A pilot learning community program at UW-Green Bay is helping keep sophomores engaged in University life while inspiring a 360-degree view of the issues.
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The Sustainability Learning Community is wrapping up its debut semester to acclaim from students and instructors alike. Truly interdisciplinary in nature, the community is a core group of students that explores environmental issues in three courses — Associate Prof. Christopher Martin’s intro to philosophy, Professor John Katers’ energy and society; and senior lecturer Don McCartney’s business and its environment course. A fourth common class meeting — and field trip and other experiences — complete this well-rounded program for students who say they love learning in new ways
“It’s really opened my eyes to how taking a course in something that isn’t your emphasis, isn’t your major, can still benefit you,” said sophomore Kelsey McCormick, an Environmental Policy & Planning major. “I feel like the value it’s going to have toward my environmental major — it’s just, it’s irreplaceable.
Classmate Marissa Michalkiewicz is a Business Administration major who is minoring in Environmental Policy and Planning. She heard about the pilot opportunity from her softball coach, and jumped at the chance.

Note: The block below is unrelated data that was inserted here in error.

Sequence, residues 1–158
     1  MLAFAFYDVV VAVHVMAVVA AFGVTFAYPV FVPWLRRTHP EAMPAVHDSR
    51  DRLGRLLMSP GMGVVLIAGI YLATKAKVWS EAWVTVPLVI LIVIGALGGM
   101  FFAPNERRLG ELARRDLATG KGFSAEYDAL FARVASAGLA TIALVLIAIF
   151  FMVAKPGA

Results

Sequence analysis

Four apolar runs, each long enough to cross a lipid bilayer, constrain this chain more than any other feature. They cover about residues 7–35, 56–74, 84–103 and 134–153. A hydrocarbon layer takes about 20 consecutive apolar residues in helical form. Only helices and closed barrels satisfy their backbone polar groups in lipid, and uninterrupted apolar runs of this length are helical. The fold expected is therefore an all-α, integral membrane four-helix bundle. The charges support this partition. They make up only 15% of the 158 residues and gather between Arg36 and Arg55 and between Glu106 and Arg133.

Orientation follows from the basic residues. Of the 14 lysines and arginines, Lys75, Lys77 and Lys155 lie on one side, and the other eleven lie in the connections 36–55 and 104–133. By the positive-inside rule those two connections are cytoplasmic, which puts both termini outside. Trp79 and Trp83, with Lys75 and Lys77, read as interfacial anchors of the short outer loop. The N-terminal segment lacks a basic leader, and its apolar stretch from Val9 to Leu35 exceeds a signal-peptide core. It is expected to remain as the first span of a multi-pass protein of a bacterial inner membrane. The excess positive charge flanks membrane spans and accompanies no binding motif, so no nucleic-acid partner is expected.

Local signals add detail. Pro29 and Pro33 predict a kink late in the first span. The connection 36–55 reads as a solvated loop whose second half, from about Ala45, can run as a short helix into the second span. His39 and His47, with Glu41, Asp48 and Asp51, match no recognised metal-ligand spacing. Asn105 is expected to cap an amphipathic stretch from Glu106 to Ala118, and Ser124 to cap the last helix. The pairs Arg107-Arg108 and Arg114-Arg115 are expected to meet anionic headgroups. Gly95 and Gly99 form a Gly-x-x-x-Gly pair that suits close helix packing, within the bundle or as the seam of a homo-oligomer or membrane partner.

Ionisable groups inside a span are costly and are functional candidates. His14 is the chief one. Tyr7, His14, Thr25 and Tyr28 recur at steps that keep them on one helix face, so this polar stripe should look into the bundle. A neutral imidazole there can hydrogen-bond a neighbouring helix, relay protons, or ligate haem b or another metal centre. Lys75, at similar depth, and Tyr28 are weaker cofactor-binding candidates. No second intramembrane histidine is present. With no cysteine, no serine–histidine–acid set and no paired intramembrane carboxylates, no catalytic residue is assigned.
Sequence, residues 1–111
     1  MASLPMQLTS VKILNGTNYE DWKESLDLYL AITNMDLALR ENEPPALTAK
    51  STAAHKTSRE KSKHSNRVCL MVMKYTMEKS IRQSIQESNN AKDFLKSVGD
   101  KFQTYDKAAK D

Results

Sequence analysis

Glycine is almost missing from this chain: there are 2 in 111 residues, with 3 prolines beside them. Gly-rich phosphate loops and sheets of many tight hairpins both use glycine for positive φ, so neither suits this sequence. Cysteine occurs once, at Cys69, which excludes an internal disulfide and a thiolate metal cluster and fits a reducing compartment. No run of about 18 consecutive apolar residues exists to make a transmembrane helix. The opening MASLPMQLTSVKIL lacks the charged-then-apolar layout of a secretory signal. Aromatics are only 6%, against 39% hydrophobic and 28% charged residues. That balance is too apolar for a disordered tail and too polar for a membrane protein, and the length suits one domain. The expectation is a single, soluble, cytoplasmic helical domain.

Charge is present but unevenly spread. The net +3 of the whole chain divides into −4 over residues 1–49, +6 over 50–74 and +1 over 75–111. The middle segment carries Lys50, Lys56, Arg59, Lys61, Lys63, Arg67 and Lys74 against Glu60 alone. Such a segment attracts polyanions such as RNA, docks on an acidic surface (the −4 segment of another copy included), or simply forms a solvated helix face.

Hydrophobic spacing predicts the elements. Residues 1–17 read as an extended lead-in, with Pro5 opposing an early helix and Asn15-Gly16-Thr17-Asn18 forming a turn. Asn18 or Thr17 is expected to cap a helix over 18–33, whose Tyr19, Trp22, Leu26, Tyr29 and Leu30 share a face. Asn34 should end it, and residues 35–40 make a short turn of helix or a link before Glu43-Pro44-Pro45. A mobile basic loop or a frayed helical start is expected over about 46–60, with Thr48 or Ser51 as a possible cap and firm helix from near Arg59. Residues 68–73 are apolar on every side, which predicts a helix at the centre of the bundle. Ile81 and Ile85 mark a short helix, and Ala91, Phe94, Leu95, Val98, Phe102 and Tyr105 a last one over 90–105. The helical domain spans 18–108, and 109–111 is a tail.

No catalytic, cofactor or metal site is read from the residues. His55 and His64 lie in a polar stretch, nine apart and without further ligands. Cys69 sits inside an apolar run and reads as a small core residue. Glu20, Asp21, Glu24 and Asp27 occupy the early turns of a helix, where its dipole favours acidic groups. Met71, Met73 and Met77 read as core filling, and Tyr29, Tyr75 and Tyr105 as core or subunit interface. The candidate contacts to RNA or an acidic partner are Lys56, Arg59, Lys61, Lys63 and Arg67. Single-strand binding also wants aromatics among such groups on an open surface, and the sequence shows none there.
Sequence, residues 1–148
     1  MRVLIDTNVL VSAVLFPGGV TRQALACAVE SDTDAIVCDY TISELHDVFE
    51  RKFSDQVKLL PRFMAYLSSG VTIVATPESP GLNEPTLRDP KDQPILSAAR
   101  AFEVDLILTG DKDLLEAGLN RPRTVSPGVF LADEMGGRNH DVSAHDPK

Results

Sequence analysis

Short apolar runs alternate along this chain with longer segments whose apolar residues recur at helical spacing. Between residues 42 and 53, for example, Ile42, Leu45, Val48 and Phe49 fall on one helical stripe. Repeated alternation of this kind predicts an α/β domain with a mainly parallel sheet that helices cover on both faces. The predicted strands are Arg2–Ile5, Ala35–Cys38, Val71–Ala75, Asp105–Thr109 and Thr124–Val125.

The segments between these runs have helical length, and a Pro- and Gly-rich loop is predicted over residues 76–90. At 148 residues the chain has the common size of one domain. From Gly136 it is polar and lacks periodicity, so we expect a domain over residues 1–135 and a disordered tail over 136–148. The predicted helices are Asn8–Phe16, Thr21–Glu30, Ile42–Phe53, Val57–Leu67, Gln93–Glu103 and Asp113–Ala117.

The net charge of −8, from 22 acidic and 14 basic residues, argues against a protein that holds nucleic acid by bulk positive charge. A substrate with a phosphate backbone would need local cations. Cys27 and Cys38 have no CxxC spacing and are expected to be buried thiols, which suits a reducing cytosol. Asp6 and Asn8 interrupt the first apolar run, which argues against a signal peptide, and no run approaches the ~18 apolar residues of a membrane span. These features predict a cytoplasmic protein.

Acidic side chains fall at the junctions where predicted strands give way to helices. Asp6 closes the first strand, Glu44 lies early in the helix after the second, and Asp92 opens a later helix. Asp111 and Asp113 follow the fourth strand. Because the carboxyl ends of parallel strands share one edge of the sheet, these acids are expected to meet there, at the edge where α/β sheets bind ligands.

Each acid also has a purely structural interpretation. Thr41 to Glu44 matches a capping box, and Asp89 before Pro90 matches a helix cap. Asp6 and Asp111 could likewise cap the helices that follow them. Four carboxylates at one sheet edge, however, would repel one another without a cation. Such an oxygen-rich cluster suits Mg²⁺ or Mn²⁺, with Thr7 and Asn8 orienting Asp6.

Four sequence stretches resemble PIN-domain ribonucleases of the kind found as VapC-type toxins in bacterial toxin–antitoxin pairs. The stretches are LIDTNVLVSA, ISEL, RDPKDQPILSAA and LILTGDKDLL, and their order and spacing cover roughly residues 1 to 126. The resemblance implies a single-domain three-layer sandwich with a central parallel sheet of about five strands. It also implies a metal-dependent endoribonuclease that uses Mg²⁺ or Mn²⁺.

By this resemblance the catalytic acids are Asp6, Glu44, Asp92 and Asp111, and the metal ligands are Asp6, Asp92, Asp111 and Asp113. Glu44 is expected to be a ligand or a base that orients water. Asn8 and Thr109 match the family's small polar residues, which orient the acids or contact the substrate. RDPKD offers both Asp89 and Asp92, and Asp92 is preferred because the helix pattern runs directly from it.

“When I heard about this opportunity, I thought it would be great to have a real-world experience — and for a college student, that’s all you really want — to have a real-world experience with your classes and your information,” Michalkiewicz said. “So that’s why I chose to join this program.”
The Learning Community pilot has been a success, Martin said, further connecting sophomores to their University while encouraging collaborative thinking and learning in new ways. Those benefits will last throughout students’ academic careers and as they enter the workforce, he added.
“What people really need employees to do is solve problems, and so this is the exact kind of model for students to learn to do that,” Martin said. “(You) take a learning community on sustainability, you learn to address these issues from many different points of view and to solve problems with all of these different interests, if you will, in mind.
It’s something students say they’ll take with them even after the community experience ends.
“It was just a really good experience for me to see all the different problems that need to be solved,” McCormick said, “in order to focus on one aspect that needs to be changed.”